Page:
If You Take a Bribe, You Must Report it as Income on Your Tax Return

A former Bibb County, GA superintendent, Romain Dallemand, pled guilty to tax evasion for failing to report “an unauthorized $100,000 payment which was intended to influence Mr. Dallemand while he served as Superintendent of the Bibb County School District”, according to U.S. Attorney Pete Peterman.

The money was paid to Dallemand by Cliffard Whitby, chairman of the Macon County Industrial Authority to support a project he was involved in called the Macon Promise Neighborhood.

The funds were funneled through a Florida attorney named Harold Knowles.  Both Whitby and Knowles are now facing numerous federal charges as well.

Dallemand faces up to three years in prison.  His sentencing hearing has not yet been scheduled.

Your IRS Questions Answered Here…

Question: I just received a letter form the IRS informing me they want to audit my 2015 income tax return. I really didn’t need this right now. What should I do?

Answer: First, take a deep breath knowing there is expert help available to you. As part of the IRS’s audit process they’ll ask you dozens of very innocent sounding questions, however many of these can be invasive as well as intrusive.  The answers to which can “seal” your fate with the IRS auditor. But there is a “right way” to answers these questions. The IRS’s mission is to determine the accuracy of your tax return and they will leave no stone unturned to accomplish this.  We have found that many taxpayers who decide to handle an IRS audit themselves wind up with a substantial bill owing the IRS thousands of dollars. Auditors are trained to obtain information from you that in a lot of cases is not required under the law. They get away with this because most people fear them and don’t know their rights.

Our clients generally NEVER meet or speak with the IRS. We handle everything for you so you don’t have to take time away from your job or business to deal with all of the IRS’s paperwork. Simply forward your audit letter to us and we’ll handle the rest.   Don’t let them walk all over you. We know the law.  We know your rights. We can help!

Catholic Priest Forgets the Commandment “Thou Shall Not Steal”

A Roman Catholic Priest form San Jose, CA, Hien Minh Nguyen was sentenced to 36 months in prison on charges of tax evasion and bank fraud.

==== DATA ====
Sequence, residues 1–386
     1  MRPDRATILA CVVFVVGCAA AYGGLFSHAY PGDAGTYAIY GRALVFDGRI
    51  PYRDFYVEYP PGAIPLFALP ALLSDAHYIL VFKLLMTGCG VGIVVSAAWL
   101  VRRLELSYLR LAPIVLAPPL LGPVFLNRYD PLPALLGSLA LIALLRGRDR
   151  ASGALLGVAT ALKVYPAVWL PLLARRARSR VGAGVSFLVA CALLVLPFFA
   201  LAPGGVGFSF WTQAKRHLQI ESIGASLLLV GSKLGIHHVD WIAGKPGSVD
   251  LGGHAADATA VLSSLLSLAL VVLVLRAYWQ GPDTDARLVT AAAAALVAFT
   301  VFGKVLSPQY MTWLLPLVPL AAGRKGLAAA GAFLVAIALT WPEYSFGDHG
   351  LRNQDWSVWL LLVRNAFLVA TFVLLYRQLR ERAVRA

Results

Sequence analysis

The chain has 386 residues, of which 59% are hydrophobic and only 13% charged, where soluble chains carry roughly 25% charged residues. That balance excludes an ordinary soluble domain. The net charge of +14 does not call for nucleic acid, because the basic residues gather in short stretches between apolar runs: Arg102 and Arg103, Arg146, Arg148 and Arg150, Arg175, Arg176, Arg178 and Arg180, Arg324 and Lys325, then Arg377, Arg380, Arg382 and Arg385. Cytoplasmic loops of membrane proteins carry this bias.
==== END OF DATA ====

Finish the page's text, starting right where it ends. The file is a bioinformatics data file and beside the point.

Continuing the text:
From 2008 to 2011, Nguyen stole money that his parishioners donated to the Diocese of San Jose in the form of checks and cash.  Nguyen deposited the checks and cash to his personal account and used checks drawn from the church business account to pay his personal expenses.

It was shown in court that the amount of the embezzlement was over $1,449,000, which Nguyen failed to report on his income tax returns.

In addition to jail time, Nguyen has three years supervised release, and ordered to pay a total of $1,883,883 in restitution, which includes $434,518 to the IRS.

Owner of “Nick’s Famous Roast Beef” Gets Seared by the IRS

Indicted in 2015, Nicholas Koudanis, of Beverly, MA was sentenced this year for his conviction on one count of conspiracy to defraud the United States by obstructing the IRS and 10 counts of filing false tax returns. His wife, Eleni Koudanis, was also charged with five counts of filing false tax returns and his son, Steven Koudanis to one count of endeavoring to obstruct and impede an audit.

The family pled guilty to all charges.  From 2008 to 2013, it was found that they underreported their income by as much as $6 million during that period. Nicholas Koudanis skimmed more than $1million in cash receipts each year and did not report that income on either corporate or personal tax returns.

Son Steven Koudanis created false cash register receipts that were used during an IRS audit.

Nicholas Koudanis was sentenced to two years in prison, two years of supervised release and ordered to pay restitution of $2,042,366 to the IRS. Eleni Koudanis was sentenced to one year of probation and ordered to pay restitution in the same amount as her husband.  Son Steven was sentenced to one year probation to be served in home confinement and to pay restitution in the amount of $151,240.


Become a “Whistleblower” and Earn Big Bucks

In the largest state tax settlement in New York history, an unnamed whistleblower earned $8.8 million by reporting unpaid taxes of the Harbert Management Corporation.

The whistleblower filed a lawsuit which triggered an investigation by the state in which they found that Harbert Management hadn’t paid any state taxes from 2004 to 2009.  According to the attorneys for the whistleblower, the company earned “hundreds of millions of dollars in performance fees” through their hedge fund office based in Manhattan.  The firm did pay state income tax in Alabama, which is where the firm is but  Alabama’s state income tax has a much lower tax rate than New York. The State of New York reached a settlement agreement for Harbert to pay $40 million.

Harbert Management was run by Philip Falcone, who was barred from working in the securities industry for five years due to violations at his former hedge fund, is not liable to repay any of the money owed in the settlement as he was only considered an employee.